In the posts in this series, refuting the various justifications given for excluding trans women from women-only spaces, I’ve done my best to take the arguments at face value. The thing is, though (and I’ve touched on this a little bit already), it’s pretty clear to me that all of these arguments are after-the-fact justifications for the decision to exclude trans women from spaces, a decision that is generally based entirely in people’s visceral response to the issue.
Although I think that it is very important that we have arguments ready to refute these points when they are thrown out to try and justify discrimination against trans women, I also really feel that I have to acknowledge that all of these arguments have their foundations in plain cissexism. They are not reasoned arguments to begin with, and don’t really even deserve the time I’ve given them, except that by refuting them, there is some small chance that we can force changes to be made.
Ultimately all four of the arguments against including trans women in women-only spaces boil down to “but they’re not really women!”, or more directly “we don’t want to include them, because they’re men!” Which is absolutely untrue, and is the complete misunderstanding of trans identities that lies at the root of pretty much all anti-trans bias and trans erasure.
I touched on this point in some of my refutations; however, I think it is worth repeating the ways in which each of the four arguments ultimately boils down to this most basic unwillingness to accept trans women as women.
As I pointed out in the original post (linked above), this argument is fundamentally based in the false attribution of manhood to trans women. Considering trans women to be men is rank cissexism. Nuff said.
When women are triggered by the (presumed) presence of penises as a part of trans women’s bodies, this trigger is fundamentally rooted in the equation of penises with men, and thus in seeing trans women as men.
This one is a few more steps removed from the idea that trans women are really men than the others. However, I think that the sense that it is somehow justifiable to refuse to provide services to trans women because of their (supposed) unique needs is rooted in the idea that men are not in need of the same kind of support as women are. I honestly don’t know how else someone would justify ignoring the needs of an exceptionally marginalized population, unless it is because they refuse to acknowledge that marginalization (see, we’re really just back to that whole “male privilege” idea again).
Ok, this argument is I guess slightly better than the others in that it clearly accepts that trans women aren’t men. The problem is that it simultaneously asserts that trans women also aren’t really women either. Which, I mean, there are people who are neither men nor women (Hi there!), but trans women do not belong in that category. They’re women. This shouldn’t be this difficult.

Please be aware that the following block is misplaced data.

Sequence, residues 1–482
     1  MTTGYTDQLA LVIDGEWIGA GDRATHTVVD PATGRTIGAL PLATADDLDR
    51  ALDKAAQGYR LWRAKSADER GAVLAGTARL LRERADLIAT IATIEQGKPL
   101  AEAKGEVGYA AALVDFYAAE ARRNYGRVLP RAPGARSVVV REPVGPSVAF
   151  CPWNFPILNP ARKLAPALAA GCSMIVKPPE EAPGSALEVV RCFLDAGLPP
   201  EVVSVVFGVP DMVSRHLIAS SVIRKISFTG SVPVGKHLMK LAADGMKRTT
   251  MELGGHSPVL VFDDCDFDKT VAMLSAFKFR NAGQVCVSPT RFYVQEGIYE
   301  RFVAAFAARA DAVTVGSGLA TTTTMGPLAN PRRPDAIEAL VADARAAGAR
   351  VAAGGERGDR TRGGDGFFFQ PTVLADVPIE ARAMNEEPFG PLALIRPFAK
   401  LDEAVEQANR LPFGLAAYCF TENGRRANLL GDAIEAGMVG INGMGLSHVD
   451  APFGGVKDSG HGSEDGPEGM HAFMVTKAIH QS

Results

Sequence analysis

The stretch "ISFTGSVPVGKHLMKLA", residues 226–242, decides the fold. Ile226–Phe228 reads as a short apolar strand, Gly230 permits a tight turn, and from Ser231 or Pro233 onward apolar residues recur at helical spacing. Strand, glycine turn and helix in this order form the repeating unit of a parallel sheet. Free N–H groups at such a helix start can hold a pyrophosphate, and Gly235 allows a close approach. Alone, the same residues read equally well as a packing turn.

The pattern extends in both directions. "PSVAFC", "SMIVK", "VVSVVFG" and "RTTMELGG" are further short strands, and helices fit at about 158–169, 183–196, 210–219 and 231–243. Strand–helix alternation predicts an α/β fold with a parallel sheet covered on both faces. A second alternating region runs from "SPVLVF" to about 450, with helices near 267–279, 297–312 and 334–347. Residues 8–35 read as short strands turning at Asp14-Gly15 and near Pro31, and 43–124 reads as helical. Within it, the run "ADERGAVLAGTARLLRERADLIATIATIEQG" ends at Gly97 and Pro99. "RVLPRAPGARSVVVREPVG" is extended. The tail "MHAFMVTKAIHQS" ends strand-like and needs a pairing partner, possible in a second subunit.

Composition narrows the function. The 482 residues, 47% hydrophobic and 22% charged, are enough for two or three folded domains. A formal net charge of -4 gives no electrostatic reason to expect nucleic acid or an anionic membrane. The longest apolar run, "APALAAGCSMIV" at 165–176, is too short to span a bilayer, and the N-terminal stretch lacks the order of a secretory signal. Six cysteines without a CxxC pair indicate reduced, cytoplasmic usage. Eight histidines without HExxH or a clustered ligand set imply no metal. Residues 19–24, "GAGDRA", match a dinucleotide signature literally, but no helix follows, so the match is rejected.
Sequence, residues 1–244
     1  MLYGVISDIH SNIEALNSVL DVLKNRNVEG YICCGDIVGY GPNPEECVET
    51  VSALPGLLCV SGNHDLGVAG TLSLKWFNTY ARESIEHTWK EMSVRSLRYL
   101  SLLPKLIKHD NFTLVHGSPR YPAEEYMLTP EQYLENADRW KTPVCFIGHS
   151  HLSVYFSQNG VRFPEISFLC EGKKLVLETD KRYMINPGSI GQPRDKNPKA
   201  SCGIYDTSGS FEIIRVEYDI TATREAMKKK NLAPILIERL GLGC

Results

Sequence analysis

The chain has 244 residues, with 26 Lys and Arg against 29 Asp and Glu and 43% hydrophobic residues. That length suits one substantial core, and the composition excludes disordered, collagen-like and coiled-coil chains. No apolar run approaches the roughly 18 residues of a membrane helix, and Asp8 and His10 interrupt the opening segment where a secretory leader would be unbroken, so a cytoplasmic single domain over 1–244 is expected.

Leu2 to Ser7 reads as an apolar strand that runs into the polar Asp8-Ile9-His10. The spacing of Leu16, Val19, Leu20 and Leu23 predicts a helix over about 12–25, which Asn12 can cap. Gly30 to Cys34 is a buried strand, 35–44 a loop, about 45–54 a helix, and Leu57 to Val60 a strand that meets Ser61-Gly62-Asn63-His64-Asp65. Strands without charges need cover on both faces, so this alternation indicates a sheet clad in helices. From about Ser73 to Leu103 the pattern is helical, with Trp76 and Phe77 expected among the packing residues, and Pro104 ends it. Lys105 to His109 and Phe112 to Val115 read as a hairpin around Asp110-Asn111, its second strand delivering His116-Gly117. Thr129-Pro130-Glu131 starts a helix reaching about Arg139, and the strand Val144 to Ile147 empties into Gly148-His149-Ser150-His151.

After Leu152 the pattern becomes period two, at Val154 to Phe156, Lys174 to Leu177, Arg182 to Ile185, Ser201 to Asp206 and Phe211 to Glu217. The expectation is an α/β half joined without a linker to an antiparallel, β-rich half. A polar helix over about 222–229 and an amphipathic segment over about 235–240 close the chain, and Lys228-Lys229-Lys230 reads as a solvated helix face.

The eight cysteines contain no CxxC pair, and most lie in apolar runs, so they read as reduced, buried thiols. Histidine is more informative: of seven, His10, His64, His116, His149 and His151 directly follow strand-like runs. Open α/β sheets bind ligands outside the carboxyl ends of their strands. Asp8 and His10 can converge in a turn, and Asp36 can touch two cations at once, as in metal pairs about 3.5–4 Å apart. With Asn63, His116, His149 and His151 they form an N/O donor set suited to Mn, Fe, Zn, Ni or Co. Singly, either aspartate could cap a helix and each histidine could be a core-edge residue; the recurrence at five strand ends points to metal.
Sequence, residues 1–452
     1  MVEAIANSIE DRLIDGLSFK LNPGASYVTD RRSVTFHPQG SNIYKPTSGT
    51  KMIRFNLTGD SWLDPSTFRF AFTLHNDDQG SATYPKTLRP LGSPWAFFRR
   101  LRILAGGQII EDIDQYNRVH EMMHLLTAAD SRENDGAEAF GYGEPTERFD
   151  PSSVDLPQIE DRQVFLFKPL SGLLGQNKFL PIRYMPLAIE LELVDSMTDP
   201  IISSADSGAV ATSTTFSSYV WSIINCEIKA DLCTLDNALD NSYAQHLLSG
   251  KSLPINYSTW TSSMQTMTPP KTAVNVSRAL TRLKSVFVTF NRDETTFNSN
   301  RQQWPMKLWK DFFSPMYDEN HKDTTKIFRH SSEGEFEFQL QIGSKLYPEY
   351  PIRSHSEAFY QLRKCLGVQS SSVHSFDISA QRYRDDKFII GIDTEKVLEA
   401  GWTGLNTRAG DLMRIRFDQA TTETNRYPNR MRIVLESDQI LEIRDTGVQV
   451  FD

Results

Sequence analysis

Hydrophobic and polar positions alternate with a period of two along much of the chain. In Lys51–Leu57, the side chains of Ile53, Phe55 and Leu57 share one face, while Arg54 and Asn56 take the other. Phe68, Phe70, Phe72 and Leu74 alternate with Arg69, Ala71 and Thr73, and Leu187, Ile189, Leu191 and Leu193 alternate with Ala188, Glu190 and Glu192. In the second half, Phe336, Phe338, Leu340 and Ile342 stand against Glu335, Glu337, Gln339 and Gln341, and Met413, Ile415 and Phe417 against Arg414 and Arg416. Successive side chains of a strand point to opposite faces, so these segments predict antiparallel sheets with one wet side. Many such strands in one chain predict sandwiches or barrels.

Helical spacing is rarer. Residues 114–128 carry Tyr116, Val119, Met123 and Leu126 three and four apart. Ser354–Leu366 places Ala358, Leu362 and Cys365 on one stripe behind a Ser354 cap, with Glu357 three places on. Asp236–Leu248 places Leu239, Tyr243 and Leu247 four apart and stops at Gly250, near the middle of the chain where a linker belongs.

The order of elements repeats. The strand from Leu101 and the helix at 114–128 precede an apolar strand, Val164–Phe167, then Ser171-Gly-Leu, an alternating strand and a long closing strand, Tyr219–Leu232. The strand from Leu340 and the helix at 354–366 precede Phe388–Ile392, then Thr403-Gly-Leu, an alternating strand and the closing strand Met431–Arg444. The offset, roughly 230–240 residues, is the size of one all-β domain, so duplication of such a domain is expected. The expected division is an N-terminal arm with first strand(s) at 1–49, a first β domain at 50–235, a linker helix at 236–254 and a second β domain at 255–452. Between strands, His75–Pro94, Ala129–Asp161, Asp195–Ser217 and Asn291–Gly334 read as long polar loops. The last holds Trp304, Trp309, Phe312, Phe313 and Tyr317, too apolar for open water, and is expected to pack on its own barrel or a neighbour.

I really, really wish that getting people to accept trans people as members of the gender they identify as (a.k.a. the gender they *are*, y’know) wasn’t as difficult as it apparently is.
So, while I hope that this series has been useful and/or enlightening, I don’t think I’ve even begun to address the real root of the problem at hand. And… I’m really not sure what I can say that will convince other people to stop being biological determinist, gender essentialist assholes. So, what I’d like to do here is just make room for other voices. Here are some people who are saying awesome and persuasive things about the trans experience that (I hope) will help people unfamiliar with transgender realities to approach these issues with more compassion and understanding. In no particular order:
Myths and Misconceptions about Trans Women
- TransWhat does a great job briefly debunking some of the more pervasive myths and misconceptions about trans people. They are also just a generally great sort of trans 101 resource.
- Natalie Reed takes a more detailed approach in a similar debunking: Part 1, and Part 2
- Everyday Feminism does a thorough take-down of the all-too-common misconception that “trans woman” is synonymous with “drag queen”. Spoiler: it’s not. Trans women are women. Drag queens are (usually) men. This myth is I think one of the major barriers to trans women actually being seen and understood to be women.
- Parker Molloy has a great piece on Bustle about her experience as a trans woman.
- Danielle Kaufman, M.D. has done a lot of writing about her own experiences:
- “[P]enis or not, this is a female body now, if for no other reason than that I’m female and it’s my body… Becoming a trans woman isn’t about sex.”
- “I truly cannot go back to living as a man. This is a choice like breathing is a choice. I can choose to not breathe, but not for long. I have to do this to stay alive. Truly I do.”
- Or just browse through her archives.
I really hope that y’all have found this series enlightening/interesting/useful. I think it’s been my biggest project on this blog to date! Thank you for reading.